Air strikes should continue to disperse ISIS fighters as they try to avoid certain death from US bombs and cruise missiles. Perhaps operating as mixed “combined special groups” (svodnye spetsialnye gruppy (mixed special groups) or SSGs, Russian special operations forces could go into ISIS and Al-Nusra Front controlled areas and kill Russian elements or when the opportunity presents itself, collect prisoners. If ordered by Putin to present a plan for such an operation, senior Russian special services’ planners will more than likely produce something that displays a high level of acumen and creativity, utilizing advanced technologies in a manner that neither analysts nor the potential opponent could foresee. In Syria, for example, Russia special services’ efforts might entail some of the following steps. Russian special services should exploit all of its intelligence surveillance and reconnaissance capabilities to assist in locating rouge Russian elements on the ground in Syria. FSB and other Russian intelligence and security services apparently already possessed files on the identities of Russians who have traveled to Syria. Support from FSB operating in areas of Russia from which the suspected nationals originate will also support Alpha Group, Vympel, and Zaslon operations. With assistance from the Syrian military intelligence services, Mukhabarat, Russian special services could interact with Syrian citizens to collect granular information on the Islamic militant groups including the size of specific units, the locations of its fighters, the backgrounds of individual fighters and commanders, unit capabilities, and its combat and nonlethal resources. Russian special services may benefit from liasing with elements of the Iranian Revolutionary Guards Corps’ Quds Force. From that work, an effective operational plan can be developed. Russian special reconnaissance and electronic surveillance means would be used to monitor the locations, daily movements, and activities of the hostile Islamic militant groups. Leaders, arms, supply lines and depots, and financial support would be targeted. All entry points of Islamic militants could be identified and placed under special reconnaissance and electronic surveillance. Penetrating the Islamic militant groups, if Russia’s SVR has not already done so, would unlikely be helpful and would place any assets engaged in that effort at risk, especially once direct action is taken against those groups. All of that would be done while trying not to cross paths with US-led air assets.

Eventual strikes against Russian targets in the Islamic militant groups must be executed swiftly and covertly. Retired US General Stanley McChrystal, former commander of the US Joint Special Operations Command, has offered hints on how to exploit situational awareness which were summarized in the January 7, 2014 greatcharlie.com post entitled, “Obama, Putin discuss Olympics Security in Call; Putin Has Got It Covered and He Will Keep His Promise to the Terrorists, Too!” When striking at a terrorist group’s network, the goal is to paralyze its nervous system. Hitting it intermittently, or every other night, allows the opponent to become stronger, having become accustomed to resurrecting itself. However, McChrystal explains that if you strike at enough targets simultaneously, taking down key leaders, the group will be thrown into chaos and confusion and have a difficult time “regenerating.” That will allow for decisive effects.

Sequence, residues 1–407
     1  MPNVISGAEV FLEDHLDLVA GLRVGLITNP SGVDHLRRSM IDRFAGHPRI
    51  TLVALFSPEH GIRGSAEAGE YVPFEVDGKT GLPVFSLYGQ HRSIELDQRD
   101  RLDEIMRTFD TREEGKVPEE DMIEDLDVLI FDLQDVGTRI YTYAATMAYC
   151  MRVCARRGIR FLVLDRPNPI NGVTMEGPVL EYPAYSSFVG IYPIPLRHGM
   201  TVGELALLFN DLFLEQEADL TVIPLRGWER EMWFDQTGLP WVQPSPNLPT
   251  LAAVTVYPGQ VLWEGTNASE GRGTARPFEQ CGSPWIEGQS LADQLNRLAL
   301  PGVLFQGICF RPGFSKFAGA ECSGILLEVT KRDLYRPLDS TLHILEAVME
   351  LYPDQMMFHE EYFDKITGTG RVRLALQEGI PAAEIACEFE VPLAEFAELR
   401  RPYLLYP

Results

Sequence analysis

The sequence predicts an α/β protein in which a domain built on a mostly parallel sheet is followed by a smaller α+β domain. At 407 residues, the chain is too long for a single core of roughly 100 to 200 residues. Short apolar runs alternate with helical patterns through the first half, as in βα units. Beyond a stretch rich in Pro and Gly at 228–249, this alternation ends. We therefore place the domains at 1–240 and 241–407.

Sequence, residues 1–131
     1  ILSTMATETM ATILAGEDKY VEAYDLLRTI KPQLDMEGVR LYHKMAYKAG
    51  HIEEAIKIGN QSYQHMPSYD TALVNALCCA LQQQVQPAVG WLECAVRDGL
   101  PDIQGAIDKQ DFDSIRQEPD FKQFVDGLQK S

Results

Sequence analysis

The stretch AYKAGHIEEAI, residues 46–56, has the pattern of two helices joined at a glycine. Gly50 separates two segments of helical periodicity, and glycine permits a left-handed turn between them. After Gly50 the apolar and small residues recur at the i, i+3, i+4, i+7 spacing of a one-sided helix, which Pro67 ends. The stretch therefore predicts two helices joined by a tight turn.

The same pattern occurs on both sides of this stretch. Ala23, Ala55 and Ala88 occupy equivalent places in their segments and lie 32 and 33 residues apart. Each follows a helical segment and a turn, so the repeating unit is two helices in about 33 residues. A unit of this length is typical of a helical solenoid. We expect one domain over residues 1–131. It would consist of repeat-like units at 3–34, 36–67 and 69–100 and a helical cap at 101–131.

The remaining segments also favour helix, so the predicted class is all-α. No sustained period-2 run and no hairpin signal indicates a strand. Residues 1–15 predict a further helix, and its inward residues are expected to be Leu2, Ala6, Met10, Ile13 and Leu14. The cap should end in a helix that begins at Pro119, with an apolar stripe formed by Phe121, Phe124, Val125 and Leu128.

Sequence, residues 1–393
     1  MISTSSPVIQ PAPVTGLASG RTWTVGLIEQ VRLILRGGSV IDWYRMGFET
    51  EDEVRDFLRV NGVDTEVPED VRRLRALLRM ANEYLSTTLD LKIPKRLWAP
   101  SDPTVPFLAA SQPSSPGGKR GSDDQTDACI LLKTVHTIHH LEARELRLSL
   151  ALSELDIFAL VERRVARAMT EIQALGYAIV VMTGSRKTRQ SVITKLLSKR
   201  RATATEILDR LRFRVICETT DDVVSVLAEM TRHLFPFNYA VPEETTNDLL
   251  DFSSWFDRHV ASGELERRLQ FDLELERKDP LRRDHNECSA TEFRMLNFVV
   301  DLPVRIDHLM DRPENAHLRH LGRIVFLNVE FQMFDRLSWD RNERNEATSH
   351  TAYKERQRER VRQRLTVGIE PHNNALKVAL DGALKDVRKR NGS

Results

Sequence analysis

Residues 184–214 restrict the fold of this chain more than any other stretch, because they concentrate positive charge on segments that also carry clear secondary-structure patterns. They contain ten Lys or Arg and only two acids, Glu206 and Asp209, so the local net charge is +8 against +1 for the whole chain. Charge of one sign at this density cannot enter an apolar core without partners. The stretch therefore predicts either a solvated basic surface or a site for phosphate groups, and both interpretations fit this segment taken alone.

Units also can be better utilized as a result of excellent situational awareness. As McChrystal explained “Traditionally, if we did a raid and we thought we were going to need 20 commandos, to actually be on the target, we might take 120, because we had to put security around the site to protect it from enemy reinforcements, and we might have to put a support section and a command and control section there because you need all those things to account for the unexpected. But when you have very good situational awareness and good communications, you only send the 20, because your security comes from being able to see, and then you can maneuver forces if you need them. So suddenly, the 120 commandos aren’t doing one raid; their doing six raids, simultaneously, and you start to get the ability to do 300 raids a month.”

To speed the process and achieve a high level of success, the Russians could adapt a form of “find, fix, finish, exploit, and analyze” (F3EA) developed by McChrystal. Under the concept, security forces would understand who or what is a target, locate it, capture or kill it, take what intelligence one can from people and documents, analyze that, then go back out execute the same cycle again. If Russian security services want to act at a speed as fast as US special operators in Iraq under McChrystal ‘s command, decision-making would need to be de-centralized because of the high number of raids. Subordinate elements must be allowed to operate quickly. It is very likely that FSB has been using sophisticated technical means to monitor the movements and activities of individuals and groups, likely to engage in terrorist acts, has been on-going. Such surveillance efforts could also be used to develop leads for the operation.